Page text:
• Peter

Water shortages in Venezuela: a glimpse into the daily struggle

Updated: Nov 17, 2019

The day-to-day living in Venezuela has become critical for the vast majority of its citizens regardless of their economic status. This is partly because of the current economic crisis the country is facing which dates back to 2014 due to the collapse in oil prices and the soaring hyperinflation which has resulted from this situation. The country is experiencing shortages of all kinds and lately, one of the vital resources is becoming depleted: water. We surely can’t imagine a country without water supply for 15 consecutive days, however, this was the case of Venezuela as a result of two major nationwide blackouts which took place last may. It is believed that this situation occurred due to lack of proper management on the main hydroelectric plants in the country, and because water pumps function with electricity, the supply was severely affected. Furthermore, climate change effects are also to blame for this situation, as extended droughts with years of no rain in the country have deepened water scarcity.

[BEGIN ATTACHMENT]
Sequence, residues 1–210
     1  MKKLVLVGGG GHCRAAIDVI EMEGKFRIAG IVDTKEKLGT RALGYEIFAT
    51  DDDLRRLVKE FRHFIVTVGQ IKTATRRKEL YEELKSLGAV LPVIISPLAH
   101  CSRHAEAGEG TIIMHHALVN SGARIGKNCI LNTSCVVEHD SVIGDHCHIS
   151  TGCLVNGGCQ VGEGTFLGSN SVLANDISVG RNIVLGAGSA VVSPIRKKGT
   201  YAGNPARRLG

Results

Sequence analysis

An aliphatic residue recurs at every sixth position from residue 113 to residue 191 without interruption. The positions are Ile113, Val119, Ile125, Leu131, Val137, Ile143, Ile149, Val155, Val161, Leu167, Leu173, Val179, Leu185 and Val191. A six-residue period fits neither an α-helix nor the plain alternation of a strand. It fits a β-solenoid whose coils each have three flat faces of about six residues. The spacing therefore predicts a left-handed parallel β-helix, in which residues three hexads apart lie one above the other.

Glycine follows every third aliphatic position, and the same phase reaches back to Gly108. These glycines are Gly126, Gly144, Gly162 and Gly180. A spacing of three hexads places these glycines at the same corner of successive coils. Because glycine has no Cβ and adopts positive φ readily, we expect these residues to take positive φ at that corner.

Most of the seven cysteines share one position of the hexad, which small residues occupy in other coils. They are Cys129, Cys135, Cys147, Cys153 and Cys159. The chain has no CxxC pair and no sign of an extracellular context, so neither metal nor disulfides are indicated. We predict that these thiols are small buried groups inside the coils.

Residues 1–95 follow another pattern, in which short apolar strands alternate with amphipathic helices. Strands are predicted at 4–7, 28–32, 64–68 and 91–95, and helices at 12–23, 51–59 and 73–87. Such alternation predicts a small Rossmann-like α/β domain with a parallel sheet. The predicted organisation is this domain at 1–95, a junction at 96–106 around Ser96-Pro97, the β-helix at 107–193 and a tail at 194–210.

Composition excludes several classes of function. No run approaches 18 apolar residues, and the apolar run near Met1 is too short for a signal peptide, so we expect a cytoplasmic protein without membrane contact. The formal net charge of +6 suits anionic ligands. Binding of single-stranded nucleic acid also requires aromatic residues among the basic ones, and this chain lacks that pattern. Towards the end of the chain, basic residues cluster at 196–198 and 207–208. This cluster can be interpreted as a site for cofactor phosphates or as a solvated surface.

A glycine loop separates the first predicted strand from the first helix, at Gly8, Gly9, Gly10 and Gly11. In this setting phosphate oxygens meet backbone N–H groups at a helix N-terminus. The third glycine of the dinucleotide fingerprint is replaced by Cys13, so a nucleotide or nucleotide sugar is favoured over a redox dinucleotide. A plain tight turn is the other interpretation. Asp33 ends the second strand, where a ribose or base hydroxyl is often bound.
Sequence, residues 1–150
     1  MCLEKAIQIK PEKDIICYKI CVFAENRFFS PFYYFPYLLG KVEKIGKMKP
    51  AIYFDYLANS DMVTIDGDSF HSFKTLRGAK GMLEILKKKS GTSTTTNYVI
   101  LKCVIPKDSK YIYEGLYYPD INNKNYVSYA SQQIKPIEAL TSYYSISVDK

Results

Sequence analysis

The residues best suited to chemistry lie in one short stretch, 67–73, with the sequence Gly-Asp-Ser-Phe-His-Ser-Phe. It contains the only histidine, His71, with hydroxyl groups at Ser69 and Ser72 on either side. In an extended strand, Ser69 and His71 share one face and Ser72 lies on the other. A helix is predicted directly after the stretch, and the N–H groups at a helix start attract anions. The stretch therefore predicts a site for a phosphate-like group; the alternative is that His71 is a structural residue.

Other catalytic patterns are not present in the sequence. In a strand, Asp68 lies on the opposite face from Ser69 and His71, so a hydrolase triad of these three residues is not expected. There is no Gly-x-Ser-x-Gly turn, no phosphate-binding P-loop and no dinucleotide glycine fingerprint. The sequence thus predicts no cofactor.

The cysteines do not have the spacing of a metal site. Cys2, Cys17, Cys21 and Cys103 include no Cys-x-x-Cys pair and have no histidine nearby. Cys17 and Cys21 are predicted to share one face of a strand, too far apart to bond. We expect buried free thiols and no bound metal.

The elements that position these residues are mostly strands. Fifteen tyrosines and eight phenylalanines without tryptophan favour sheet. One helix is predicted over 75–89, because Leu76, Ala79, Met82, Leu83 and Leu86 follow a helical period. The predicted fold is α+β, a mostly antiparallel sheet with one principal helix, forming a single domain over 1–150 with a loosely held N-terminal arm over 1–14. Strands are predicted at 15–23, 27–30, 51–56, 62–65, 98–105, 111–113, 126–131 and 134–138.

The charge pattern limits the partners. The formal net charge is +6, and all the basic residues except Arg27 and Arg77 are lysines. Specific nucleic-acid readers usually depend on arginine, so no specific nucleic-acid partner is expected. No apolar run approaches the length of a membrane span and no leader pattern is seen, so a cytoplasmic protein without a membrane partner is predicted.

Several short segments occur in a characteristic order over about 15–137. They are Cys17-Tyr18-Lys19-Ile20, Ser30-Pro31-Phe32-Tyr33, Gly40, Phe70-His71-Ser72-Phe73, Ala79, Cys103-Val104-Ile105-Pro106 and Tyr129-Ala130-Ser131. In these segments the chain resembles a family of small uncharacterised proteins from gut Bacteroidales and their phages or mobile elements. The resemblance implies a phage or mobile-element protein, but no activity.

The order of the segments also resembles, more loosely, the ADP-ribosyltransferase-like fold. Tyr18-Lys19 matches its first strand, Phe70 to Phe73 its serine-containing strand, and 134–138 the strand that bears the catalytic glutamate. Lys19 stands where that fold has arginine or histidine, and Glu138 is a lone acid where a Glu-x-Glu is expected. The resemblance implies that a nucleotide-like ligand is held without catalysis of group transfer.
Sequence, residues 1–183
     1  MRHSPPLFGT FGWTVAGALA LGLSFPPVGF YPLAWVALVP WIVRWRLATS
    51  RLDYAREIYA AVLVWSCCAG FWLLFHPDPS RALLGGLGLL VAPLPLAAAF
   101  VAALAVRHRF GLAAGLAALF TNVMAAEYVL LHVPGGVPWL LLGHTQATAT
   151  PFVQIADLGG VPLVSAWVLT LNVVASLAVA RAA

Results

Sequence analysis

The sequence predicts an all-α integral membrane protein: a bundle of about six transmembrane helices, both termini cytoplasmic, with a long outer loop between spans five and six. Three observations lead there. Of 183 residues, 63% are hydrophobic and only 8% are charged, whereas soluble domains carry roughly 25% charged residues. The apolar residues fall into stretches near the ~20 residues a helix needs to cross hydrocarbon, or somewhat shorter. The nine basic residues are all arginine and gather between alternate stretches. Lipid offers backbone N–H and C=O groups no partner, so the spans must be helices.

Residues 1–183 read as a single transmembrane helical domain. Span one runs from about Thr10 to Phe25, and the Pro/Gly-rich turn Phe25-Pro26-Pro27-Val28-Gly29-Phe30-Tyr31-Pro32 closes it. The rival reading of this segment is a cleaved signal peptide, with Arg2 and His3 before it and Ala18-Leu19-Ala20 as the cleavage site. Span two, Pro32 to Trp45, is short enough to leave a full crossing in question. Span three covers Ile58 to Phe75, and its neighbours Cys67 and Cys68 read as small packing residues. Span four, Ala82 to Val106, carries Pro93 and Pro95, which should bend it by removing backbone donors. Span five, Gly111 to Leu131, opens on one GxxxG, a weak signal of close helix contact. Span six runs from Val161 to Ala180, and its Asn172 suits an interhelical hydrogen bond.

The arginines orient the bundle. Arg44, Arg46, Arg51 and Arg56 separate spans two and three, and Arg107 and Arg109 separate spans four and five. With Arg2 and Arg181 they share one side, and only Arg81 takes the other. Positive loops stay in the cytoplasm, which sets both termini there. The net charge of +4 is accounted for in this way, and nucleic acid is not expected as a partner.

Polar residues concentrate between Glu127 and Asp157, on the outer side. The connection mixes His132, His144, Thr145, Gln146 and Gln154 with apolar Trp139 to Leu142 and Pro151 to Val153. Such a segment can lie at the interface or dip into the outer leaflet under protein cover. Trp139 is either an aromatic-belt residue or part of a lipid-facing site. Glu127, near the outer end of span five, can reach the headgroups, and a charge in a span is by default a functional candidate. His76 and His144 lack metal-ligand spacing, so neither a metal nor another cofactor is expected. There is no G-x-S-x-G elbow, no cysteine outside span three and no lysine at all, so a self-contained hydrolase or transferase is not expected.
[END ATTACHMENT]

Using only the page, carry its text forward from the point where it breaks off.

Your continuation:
Accessing clean and sanitised water is now a privilege that only wealthy people can afford. For instance, a 5 litre water bottle costs about $4 at a supermarket in Caracas, something unaffordable for many low-income people in Venezuela, especially people in rural areas, where the monthly minimum wage is around $6 each month.

Low-income and poor Venezuelans can only opt to find water wherever possible, and they spend their days trying to get water from every source: springs form the Avila National Park in the capital city of Caracas, leaky pipes, water tanks, and even from the most sewage contaminated river in Caracas: El Guaire. Rural areas are even more deeply affected as the access to these regions in the country is more complicated and often ignored. Many public schools in these areas have no access to clean and sanitised water, leaving school children deprived from this vital resource. Moreover, according to Maria Eugenia Landaeta, head of the department for infectious-disease at University Hospital in Caracas, the lack of clean and sanitised water has led to the spread of health problems such as gastrointestinal and bacterial infections such as diarrhoea and hepatitis.